Illustration by Jill DeGroff Story by Doug Quinn
Thirty years ago when Dale and I decided to return to NY to get married (we were living on the West Coast at the time), the very first “joint” we had to visit was his favorite hang, PJ Clarke’s. Back then, Frank Conefrey manned the bar. Years later, a new bartender took the helm and Dale’s love affair with Clarke’s only grew stronger. Doug Quinn had a commanding presence. Dale marveled at his agility and speed at working a continually over crowded bar –making drinks while also greeting everyone, keeping the regulars happy, and maintaining that code of conduct that Dale holds sacred: friendliness, attentiveness, and treating customers with the utmost respect and dignity. That is Doug in a nutshell- and he takes it a step further in the way he skillfully introduces guests to one other, insuring everyone has a good time.
The recent incident at Clarke’s, in which Doug interceded when a hostile customer threatened some female guests at the bar, is a perfect example of the integrity he brings to the bar. Sadly the manager sided with the offending customer and when Doug took a stand, he told Doug to take a walk. Well, look out New York because one of our best bartenders will undoubtedly reappear before too long at a new joint we can all call home.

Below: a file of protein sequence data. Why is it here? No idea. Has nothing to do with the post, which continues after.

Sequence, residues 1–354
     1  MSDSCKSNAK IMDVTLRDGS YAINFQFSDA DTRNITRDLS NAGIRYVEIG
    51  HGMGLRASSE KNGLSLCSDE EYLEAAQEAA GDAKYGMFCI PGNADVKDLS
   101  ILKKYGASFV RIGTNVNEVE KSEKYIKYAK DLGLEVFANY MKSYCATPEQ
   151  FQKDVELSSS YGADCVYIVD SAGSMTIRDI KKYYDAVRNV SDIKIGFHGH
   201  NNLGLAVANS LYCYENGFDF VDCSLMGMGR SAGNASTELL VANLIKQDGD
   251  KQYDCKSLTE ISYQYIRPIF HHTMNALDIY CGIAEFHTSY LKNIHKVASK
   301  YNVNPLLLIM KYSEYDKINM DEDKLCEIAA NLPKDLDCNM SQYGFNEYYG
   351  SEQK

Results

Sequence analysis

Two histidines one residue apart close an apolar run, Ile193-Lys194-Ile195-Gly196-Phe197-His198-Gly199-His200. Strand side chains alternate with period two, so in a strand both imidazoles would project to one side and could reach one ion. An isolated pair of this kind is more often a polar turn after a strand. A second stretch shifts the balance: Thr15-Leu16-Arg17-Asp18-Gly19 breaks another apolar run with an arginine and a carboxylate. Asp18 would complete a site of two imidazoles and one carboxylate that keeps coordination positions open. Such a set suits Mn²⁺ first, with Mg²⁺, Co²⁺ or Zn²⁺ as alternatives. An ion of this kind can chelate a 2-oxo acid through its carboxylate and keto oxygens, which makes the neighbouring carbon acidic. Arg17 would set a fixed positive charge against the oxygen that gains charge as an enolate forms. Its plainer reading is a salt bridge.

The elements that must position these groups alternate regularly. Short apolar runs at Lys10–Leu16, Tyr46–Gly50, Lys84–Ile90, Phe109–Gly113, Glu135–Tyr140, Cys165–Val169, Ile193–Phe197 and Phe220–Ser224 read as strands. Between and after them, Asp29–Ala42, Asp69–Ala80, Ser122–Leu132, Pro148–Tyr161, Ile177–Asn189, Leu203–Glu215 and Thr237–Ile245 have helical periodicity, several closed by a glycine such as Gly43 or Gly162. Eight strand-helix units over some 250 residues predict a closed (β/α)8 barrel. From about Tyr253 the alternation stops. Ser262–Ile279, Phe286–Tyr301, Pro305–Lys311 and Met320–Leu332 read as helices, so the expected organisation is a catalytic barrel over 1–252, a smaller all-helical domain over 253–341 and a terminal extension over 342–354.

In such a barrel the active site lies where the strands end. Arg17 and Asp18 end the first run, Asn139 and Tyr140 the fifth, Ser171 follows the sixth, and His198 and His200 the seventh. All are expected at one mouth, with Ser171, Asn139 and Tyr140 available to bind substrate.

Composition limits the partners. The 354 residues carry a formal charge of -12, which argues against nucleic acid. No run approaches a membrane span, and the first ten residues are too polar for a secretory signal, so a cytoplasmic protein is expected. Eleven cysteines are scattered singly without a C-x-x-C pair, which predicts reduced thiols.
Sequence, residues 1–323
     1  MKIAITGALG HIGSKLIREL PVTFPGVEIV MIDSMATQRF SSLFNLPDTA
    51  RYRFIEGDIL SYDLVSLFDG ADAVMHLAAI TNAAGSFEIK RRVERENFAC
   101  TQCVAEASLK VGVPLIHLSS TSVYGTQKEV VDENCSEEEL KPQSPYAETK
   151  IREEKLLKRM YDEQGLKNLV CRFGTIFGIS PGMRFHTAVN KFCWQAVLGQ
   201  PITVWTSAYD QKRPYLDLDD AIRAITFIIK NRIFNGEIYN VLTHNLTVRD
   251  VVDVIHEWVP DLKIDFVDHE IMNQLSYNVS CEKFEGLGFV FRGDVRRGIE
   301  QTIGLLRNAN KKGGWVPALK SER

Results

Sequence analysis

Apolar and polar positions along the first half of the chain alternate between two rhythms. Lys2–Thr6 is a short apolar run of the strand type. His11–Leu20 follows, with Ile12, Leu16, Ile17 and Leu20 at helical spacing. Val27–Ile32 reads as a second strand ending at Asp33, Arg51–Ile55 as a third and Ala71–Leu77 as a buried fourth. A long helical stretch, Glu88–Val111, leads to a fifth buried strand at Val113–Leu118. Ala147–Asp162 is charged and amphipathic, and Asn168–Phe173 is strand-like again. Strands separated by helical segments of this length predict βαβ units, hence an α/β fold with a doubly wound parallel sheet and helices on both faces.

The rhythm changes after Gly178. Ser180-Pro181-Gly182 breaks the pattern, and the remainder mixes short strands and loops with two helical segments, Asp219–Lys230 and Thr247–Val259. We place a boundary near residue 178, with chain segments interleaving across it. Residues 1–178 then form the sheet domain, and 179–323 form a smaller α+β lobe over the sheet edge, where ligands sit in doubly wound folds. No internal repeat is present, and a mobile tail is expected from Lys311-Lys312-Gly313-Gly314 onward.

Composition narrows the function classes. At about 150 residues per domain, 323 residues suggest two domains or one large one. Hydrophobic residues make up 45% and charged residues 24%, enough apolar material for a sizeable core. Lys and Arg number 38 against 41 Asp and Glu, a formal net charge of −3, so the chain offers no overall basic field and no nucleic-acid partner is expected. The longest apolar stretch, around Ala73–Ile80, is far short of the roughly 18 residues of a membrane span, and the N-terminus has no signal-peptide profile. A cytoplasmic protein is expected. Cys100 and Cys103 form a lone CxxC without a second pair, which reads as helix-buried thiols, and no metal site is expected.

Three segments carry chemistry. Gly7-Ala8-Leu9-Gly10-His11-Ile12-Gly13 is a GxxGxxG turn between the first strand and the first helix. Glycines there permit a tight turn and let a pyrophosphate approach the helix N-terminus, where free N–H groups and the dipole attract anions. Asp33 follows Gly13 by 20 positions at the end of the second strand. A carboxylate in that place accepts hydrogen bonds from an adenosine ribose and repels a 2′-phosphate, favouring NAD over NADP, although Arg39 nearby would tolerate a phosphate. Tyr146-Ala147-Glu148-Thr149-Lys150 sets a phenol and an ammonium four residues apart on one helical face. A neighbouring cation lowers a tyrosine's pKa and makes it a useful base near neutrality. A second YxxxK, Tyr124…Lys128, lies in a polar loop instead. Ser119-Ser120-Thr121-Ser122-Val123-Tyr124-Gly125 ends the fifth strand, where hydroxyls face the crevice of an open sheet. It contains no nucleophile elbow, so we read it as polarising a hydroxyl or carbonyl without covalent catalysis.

Here is a story that Doug once told when I asked him for a favorite tale for my book. It so perfectly illustrates who he is and why he is so loved by the community.
“One cold, damp, winter night, one of my semi-regulars, who looks remarkably like Grandpa Munster, managed to survive the evening until about 4:00 AM. I walked him out, put him in a cab and bid him a safe trip home. I gave him my business card and told him if he ever needed anything, to give me a call.
I returned to the bar, and among the napkins, matchbooks, and other discarded junk you find on the floor in a busy saloon I noticed a bank envelope. I picked it up, looked inside and found one hundred crisp hundred-dollar bills inside; ten grand in cash. Add that to what I made behind the bar that night- would have been a darn good night in any saloon. I started to think about who dropped the ten Gs and immediately thought of Grandpa Munster.
Ten minutes later my cell phone rings: “Hey Grandpa, did you happen to lose something, pal?”
“Yeah…’ he says: ‘I had an envelope with 100 hundred-dollar notes.”
“Got your envelope right here, I told him: ‘Go to sleep and come get it tomorrow, it’s safe.”
He came in the next day, took the cash, gave me a hearty handshake, and bolted. Some might say, the guy should have left a sizable tip- or ANY tip- let’s face it; I could have given myself a ten grand tip by saying there was no envelope. Who wouldn’t consider it?
The lesson is that you treat people the way you would like to be treated. That’s what I bring to work with me each day, that’s what helps create the magic.”
— Doug Quinn
By Doug Quinn
1 oz. (30ml) Plymouth Gin
1/2 oz. (15ml) Sweet Vermouth
1/2 oz. (15ml) Dry Vermouth
1/2 oz. (15ml) Grand Marnier
1 dash Angostura Bitters
1/2 oz. (15ml) Orange Juice
Shake over ice, serve chilled straight up in a chilled cocktail glass.
Garnish with a flamed orange twist.
Jill DeGroff is the author and illustrator of “Lush Life; Portraits from the Bar”. To see more portraits from the bar, visit her online Rogues Gallery at www.saloonartist.com